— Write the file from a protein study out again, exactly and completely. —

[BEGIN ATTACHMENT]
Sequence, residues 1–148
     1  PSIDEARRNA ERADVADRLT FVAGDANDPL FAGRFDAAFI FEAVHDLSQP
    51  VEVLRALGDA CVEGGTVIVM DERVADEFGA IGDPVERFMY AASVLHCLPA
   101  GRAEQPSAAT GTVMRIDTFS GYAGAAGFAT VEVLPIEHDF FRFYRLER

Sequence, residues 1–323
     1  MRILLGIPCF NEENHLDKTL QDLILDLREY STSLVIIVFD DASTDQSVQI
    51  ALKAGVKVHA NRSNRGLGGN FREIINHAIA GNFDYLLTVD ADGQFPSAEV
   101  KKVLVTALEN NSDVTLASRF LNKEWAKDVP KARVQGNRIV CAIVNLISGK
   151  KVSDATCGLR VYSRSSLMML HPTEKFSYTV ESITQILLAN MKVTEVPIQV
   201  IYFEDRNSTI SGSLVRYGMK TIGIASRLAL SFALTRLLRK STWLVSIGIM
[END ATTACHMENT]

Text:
Sequence, residues 1–148
     1  PSIDEARRNA ERADVADRLT FVAGDANDPL FAGRFDAAFI FEAVHDLSQP
    51  VEVLRALGDA CVEGGTVIVM DERVADEFGA IGDPVERFMY AASVLHCLPA
   101  GRAEQPSAAT GTVMRIDTFS GYAGAAGFAT VEVLPIEHDF FRFYRLER

Sequence, residues 1–323
     1  MRILLGIPCF NEENHLDKTL QDLILDLREY STSLVIIVFD DASTDQSVQI
    51  ALKAGVKVHA NRSNRGLGGN FREIINHAIA GNFDYLLTVD ADGQFPSAEV
   101  KKVLVTALEN NSDVTLASRF LNKEWAKDVP KARVQGNRIV CAIVNLISGK
   151  KVSDATCGLR VYSRSSLMML HPTEKFSYTV ESITQILLAN MKVTEVPIQV
   201  IYFEDRNSTI SGSLVRYGMK TIGIASRLAL SFALTRLLRK STWLVSIGIM